Let’s say you’ve tweaked your expenses, and see that you can cover them with a retirement withdrawal of 4%. But since you’re only 55, you sensibly don’t want to withdraw from your 2 million dollar savings just yet.
So, you decide instead to increase your dividend income and also create an extra income stream of $1,500 a month from consulting.
Next let’s equate this $1,500 a month to the amount of savings needed to generate that same amount of income each month using a 4% retirement withdrawal method.
$1,500 * 12 Months = $18,000/.04 = $450,000
This math shows that generating an extra $1,500 a month is like having another $450,000 in savings!
This is the magic I was referring to earlier.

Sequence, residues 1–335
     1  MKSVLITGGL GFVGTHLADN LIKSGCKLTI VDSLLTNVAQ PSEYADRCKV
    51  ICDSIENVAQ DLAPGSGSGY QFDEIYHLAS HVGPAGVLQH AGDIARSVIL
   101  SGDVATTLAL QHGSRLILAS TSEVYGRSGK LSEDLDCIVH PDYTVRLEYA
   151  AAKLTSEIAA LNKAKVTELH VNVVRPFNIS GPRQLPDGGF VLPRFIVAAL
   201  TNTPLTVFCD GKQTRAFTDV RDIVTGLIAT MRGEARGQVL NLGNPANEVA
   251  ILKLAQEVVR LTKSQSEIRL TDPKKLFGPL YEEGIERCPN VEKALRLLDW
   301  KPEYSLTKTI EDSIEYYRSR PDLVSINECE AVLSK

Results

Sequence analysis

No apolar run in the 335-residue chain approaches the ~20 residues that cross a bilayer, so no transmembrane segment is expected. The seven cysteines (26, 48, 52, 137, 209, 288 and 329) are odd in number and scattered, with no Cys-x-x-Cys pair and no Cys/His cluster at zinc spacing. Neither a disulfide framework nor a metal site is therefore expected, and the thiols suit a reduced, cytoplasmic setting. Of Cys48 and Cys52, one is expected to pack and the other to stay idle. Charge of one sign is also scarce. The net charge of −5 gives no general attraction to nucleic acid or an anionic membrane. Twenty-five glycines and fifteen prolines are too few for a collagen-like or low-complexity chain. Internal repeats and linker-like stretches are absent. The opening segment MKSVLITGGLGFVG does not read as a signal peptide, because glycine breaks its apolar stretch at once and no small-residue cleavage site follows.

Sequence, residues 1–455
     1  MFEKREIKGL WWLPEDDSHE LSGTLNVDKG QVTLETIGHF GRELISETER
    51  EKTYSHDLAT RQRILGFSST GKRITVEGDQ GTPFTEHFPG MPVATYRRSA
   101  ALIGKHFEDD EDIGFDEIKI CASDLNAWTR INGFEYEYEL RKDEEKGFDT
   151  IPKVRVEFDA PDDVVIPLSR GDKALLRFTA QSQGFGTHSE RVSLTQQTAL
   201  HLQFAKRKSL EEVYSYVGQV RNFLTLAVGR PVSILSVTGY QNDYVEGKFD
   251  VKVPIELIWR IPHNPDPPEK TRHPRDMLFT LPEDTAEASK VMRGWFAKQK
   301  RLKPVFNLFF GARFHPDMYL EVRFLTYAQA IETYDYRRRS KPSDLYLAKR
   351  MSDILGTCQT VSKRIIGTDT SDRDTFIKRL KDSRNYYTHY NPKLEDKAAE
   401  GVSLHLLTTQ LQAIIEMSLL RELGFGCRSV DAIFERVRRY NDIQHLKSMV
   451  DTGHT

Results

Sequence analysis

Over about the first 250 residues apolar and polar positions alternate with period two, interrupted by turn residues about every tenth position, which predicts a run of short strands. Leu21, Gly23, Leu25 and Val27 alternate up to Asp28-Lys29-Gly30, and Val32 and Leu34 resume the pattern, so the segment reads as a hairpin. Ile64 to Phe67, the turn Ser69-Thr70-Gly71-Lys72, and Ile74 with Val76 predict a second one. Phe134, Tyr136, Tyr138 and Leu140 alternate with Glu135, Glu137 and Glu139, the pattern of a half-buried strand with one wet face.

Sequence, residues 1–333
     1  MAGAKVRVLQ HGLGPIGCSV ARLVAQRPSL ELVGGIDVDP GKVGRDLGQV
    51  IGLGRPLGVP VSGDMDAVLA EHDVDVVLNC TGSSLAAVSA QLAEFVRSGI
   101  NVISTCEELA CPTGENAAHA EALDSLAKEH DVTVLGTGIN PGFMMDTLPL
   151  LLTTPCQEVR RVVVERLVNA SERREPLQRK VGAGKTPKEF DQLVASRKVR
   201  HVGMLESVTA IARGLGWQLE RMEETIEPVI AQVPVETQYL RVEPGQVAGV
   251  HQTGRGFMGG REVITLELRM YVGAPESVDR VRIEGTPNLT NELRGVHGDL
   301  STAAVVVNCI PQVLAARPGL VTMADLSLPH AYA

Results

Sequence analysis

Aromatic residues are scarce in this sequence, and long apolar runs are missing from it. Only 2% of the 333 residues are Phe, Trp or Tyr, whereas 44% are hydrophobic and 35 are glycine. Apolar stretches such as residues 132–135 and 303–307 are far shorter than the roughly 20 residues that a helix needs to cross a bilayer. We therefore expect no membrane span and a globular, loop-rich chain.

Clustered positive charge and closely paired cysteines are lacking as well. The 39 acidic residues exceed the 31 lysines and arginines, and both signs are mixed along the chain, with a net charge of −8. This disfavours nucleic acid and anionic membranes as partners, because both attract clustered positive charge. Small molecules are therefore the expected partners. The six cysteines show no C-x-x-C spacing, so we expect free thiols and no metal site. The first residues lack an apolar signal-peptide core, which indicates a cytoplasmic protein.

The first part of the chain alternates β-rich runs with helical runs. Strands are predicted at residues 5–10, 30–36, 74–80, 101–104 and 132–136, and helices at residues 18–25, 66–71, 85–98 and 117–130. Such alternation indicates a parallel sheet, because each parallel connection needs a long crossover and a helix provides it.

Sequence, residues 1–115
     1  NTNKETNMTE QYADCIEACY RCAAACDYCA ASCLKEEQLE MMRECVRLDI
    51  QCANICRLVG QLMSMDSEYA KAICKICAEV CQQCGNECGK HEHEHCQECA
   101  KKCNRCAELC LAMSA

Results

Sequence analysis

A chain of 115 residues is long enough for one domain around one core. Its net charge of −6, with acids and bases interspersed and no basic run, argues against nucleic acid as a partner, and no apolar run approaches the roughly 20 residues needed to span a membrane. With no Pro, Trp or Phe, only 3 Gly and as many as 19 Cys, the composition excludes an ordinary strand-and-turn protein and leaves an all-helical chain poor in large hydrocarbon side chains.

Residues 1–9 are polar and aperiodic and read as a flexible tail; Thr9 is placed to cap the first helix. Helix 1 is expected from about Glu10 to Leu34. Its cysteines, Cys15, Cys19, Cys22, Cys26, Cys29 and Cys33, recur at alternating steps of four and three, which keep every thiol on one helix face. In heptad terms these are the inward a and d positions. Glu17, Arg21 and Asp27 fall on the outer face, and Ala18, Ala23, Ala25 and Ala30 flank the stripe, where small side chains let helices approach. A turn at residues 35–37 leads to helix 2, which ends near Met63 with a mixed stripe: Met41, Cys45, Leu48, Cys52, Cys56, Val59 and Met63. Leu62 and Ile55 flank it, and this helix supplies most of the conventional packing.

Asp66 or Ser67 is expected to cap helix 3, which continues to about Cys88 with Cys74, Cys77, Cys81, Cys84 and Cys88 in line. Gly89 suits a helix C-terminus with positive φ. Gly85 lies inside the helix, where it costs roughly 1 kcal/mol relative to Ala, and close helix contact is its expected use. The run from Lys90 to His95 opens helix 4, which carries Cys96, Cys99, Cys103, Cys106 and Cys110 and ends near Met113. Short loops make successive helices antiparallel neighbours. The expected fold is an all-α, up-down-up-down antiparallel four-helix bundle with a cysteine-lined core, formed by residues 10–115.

Read my related post How Many Income Streams Should I Have?
Retiring at 55 with Two Million Summary
As you can see, if you want to retire using a traditional retirement withdrawal method, you’ll just see if the withdrawal of 2% to 4% plus any other income sources such as social security or pension cover your lifestyle expenses.
This will help you see if it seems likely you’ll have enough to live as long as you think you’ll live, which is of course another factor beyond your control.
The other huge factor will be how the economy and related stock market perform right before and after you retire.
Or you can take a more proactive approach and generate higher investment income, or use one of the other more alternative income methods presented here to lessen the likelihood of running out of money in retirement.
There’s no doubt 2 million dollars is a lot of money, but it sure won’t buy what it would buy it the past.